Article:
Edinburgh Research Explorer

Murine gammaherpesvirus-induced fibrosis is associated with the development of alternatively activated macrophages

Research output: Contribution to journalArticle

Original languageEnglish
Pages (from-to)50-58
Number of pages9
JournalJournal of Leukocyte Biology
Volume84
Issue number1
DOIs
StatePublished - Jul 2008

Abstract

Murine gammaherpesvirus 68 (MHV-68) is a natural pathogen of rodents closely related to the human gammaherpesviruses Kaposi's sarcoma-associated herpesvirus and EBV. Following intranasal infection, the virus replicates in the lung epithelium prior to establishing latent infection in lymphoid tissue. Infection of mice deficient in IFN-gammaR signaling (IFN-gammaR-/-) results in a multiple organ fibrosis, in which the spleen is severely affected. We show here that by Day 12 postinfection, prior to development of fibrosis in the spleens of IFN-gammaR-/- mice, different subsets of splenic macrophages (Mvarphis) are morphologically activated and enter latently infected germinal centers (GCs). Mvarphis coexpressing arginase I (ARG1), a marker of alternative activation of Mvarphis, and murine Mvarphi markers F4/80, ER-TR9, and MOMA-1 are found in GCs of IFN-gammaR-/- mice but not of wild-type mice. Quantitative RT-PCR of spleen RNA confirms induction of ARG1 and in addition, shows up-regulation of found in inflammatory zone 1/resistin-like molecule-alpha, tissue inhibitor of metalloproteinase-1, matrix metalloproteinase-12, fibronectin, and factor XIIIA in IFN-gammaR-/- mice. In contrast, inducible NO synthase, associated with classical Mvarphi activation, is up-regulated following infection of wild-type mice but not IFN-gammaR(-/-) mice. Concomitant with the aaMvarphis, transcription of the Th2 cytokines IL-13, IL-21, and IL-5 is up-regulated. Thus, in the absence of IFN-gammaR signaling, MHV-68 initiates a Th2 immune response, leading to alternative activation of macrophages and induction of fibrosis. This system provides an important model for studying the pathogenesis of fibrosis initiated by a latent herpesvirus infection.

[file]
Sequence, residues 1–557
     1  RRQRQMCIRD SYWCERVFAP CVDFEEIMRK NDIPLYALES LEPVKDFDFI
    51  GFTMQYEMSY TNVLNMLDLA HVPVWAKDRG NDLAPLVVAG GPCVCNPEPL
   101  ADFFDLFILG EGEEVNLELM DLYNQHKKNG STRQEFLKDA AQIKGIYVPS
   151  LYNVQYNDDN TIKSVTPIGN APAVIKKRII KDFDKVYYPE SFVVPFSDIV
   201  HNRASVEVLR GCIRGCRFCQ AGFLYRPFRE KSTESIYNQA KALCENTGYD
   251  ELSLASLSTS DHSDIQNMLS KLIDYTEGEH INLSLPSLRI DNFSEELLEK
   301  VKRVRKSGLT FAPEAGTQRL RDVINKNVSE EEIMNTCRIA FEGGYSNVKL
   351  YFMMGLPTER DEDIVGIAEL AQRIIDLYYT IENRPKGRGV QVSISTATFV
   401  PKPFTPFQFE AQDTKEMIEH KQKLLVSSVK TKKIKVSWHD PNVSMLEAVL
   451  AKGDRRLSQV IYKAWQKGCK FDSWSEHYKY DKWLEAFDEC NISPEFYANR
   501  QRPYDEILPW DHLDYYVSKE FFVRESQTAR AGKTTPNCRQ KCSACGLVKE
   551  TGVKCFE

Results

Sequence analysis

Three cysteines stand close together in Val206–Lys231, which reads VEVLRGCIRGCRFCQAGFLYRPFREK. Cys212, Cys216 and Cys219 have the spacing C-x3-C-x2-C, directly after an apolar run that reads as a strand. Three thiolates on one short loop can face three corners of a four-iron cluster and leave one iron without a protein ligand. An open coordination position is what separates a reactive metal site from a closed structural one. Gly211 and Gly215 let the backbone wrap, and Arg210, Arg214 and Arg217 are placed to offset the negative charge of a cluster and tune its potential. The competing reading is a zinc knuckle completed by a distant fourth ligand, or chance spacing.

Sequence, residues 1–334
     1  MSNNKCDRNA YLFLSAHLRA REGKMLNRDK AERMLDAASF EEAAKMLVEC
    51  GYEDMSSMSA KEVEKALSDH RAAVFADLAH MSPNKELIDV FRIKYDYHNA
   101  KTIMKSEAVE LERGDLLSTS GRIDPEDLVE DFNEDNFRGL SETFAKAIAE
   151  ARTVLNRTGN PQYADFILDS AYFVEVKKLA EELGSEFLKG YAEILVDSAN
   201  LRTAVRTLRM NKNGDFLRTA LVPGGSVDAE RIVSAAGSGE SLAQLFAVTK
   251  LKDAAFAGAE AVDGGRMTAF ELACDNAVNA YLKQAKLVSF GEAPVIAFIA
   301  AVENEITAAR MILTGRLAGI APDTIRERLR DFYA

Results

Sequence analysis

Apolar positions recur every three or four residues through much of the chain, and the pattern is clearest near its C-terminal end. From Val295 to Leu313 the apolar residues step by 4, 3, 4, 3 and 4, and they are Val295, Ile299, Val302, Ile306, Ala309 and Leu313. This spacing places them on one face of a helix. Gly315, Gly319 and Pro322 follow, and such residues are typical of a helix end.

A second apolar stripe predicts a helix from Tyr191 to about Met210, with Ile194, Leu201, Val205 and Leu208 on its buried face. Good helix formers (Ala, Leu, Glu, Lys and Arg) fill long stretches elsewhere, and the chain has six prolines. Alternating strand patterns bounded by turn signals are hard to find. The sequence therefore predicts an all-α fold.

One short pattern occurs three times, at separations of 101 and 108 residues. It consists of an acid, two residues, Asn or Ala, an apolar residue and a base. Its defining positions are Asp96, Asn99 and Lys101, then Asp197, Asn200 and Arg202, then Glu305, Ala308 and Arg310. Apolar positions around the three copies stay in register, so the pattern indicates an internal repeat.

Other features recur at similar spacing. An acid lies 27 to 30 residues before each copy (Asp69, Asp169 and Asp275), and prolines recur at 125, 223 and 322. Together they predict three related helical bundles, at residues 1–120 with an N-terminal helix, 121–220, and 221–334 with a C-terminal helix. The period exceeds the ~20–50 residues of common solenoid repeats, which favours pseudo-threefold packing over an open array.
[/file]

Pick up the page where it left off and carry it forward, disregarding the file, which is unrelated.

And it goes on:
Research areas

  • Th2 , virus infection , arginase 1 , fibrogenesis , spleen

ID: 119238